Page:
If the available area is divided between different ﬂoors, you would normally have the toolstore on the ground ﬂoor for ease of access. However, other factors such as natural light, power and water supply or the size of the rooms may dictate otherwise.
In deciding the division of ﬂoor space between toolstore and workshop, you need to think about how your group works. If you run training sessions on workshop skills you will need enough room for several work- benches, or for a very large central bench around which several people can work. If on the other hand the group does not run training sessions but has only one or two people who take responsibility for all tool maintenance, you can manage with a much smaller area.
Whatever size your toolstore, you will find that tools apparently expand to fill it. This is because with more space you can get away with being less tidy, and also with being less ruthless about clearing out the odds and ends that accumulate. The same, of course, applies to a workshop, office or anywhere else. In a small space you have to be tidy and organised. With proper racks and shelves, a large number of tools can be stored in a surprisingly small area. An oddly shaped toolstore can be an advantage as this provides lots of wall space and corners for storage. A single open space will need to be provided with freestanding racks, shelves and so on to make the most of the space available.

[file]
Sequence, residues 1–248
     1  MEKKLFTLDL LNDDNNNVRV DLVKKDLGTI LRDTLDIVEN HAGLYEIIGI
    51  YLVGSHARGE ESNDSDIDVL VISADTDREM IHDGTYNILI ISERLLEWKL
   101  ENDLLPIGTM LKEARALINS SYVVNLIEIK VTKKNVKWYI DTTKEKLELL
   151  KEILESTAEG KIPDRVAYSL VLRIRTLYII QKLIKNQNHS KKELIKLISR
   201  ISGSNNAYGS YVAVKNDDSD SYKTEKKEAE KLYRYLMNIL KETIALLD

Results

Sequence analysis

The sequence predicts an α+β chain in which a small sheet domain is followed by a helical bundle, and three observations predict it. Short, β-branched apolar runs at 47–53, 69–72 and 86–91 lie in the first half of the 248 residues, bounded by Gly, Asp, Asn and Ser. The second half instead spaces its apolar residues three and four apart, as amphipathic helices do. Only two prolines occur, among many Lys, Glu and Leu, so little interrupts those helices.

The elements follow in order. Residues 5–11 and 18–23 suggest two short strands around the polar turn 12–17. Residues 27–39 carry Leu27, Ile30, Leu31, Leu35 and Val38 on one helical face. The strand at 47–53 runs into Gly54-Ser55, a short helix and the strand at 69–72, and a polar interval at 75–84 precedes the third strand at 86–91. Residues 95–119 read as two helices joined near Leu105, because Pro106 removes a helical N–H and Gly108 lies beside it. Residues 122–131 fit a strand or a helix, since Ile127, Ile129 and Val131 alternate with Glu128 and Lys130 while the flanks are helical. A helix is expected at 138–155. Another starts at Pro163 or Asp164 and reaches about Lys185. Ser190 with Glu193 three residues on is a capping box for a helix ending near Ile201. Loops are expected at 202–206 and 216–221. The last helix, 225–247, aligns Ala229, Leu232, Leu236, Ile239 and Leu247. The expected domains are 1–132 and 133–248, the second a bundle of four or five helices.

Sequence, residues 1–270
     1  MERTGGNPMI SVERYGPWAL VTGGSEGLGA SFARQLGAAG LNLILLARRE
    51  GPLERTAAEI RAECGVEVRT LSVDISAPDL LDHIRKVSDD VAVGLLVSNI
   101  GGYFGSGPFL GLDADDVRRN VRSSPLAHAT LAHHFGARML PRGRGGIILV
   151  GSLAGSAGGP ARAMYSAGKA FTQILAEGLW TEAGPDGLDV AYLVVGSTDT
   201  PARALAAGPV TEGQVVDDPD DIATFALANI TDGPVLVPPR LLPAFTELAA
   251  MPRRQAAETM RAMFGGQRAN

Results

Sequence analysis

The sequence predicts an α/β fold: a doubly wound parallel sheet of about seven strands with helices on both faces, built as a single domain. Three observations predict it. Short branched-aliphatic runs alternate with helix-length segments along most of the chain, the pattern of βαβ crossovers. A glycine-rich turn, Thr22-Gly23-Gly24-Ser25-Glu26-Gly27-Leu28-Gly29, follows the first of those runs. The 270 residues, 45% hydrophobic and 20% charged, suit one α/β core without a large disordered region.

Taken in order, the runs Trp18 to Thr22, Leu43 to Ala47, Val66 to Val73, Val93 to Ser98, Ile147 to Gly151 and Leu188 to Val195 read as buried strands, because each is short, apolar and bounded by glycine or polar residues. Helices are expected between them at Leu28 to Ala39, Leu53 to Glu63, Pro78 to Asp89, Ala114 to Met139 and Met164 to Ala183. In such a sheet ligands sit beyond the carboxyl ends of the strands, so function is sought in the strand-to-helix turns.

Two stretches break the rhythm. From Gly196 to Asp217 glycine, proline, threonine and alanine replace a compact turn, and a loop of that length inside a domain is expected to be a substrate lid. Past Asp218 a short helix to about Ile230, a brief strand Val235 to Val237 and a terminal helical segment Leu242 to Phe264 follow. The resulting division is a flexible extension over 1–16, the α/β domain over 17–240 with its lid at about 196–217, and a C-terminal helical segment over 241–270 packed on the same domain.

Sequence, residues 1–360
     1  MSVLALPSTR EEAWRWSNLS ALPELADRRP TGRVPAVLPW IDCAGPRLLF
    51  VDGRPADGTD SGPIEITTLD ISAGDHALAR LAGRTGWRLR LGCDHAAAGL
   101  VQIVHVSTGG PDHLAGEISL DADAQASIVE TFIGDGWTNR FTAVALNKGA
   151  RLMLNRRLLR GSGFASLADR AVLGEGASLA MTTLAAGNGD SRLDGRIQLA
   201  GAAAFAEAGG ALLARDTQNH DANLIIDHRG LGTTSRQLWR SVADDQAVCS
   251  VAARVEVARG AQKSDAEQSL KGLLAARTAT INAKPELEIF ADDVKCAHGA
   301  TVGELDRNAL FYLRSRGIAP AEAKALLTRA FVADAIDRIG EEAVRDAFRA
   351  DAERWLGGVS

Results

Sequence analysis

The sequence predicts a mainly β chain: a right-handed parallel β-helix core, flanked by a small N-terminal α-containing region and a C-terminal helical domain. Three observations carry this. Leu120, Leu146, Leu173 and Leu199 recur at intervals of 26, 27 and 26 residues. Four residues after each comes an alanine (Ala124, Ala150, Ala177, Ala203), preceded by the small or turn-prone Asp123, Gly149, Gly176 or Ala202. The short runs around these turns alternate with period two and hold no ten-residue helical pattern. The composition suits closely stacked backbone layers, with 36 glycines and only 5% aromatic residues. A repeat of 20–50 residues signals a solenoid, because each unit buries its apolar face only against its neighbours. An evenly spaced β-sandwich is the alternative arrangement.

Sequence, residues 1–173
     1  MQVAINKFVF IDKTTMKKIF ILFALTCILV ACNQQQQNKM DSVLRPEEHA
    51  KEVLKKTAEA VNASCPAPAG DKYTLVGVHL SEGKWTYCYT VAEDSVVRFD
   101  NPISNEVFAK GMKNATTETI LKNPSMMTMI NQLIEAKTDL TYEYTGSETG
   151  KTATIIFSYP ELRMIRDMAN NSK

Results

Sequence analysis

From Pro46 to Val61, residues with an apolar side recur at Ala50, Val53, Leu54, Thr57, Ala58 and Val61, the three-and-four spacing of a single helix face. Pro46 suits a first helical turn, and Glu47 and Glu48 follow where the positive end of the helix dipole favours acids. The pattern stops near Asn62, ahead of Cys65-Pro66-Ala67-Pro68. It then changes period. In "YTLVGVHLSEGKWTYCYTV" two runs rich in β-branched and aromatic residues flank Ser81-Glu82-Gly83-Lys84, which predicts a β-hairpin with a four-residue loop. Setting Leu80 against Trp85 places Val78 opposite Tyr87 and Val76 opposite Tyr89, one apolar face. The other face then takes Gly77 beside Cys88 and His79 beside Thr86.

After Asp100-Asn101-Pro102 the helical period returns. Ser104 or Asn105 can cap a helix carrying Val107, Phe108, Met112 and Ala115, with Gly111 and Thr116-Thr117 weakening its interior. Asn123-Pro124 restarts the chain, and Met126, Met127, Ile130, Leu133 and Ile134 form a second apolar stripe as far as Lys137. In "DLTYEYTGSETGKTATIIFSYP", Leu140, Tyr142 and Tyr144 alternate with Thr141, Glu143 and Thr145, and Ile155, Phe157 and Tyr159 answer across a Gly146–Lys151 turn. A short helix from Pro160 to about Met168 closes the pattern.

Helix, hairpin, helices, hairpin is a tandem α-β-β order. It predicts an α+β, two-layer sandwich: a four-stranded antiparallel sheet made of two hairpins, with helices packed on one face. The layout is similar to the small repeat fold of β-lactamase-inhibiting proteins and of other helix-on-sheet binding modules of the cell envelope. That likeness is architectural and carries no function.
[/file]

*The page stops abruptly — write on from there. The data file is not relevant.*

If you are faced with a single area for both workshop and toolstore, you may need to put up a partition. Unless your group does a large amount of training, a division of about one third workshop to two thirds toolstore should be about right, but each situation needs assessing individually. Remember also that you may want to heat the workshop if you intend working in it during the winter, and this can be done much more efficiently in a smaller area.
The simplest type of partition to erect is of wooden studwork faced with plasterboard. Consult any good DIY book for details. Although properly constructed stud partitions can take a fair amount of weight, beware of overloading them with shelves or racks of very heavy items. Fixings for shelves must always be made to the upright studs, not to the horizontals or the building boards. If in any doubt, it is reccomended that a competent contractor is consulted.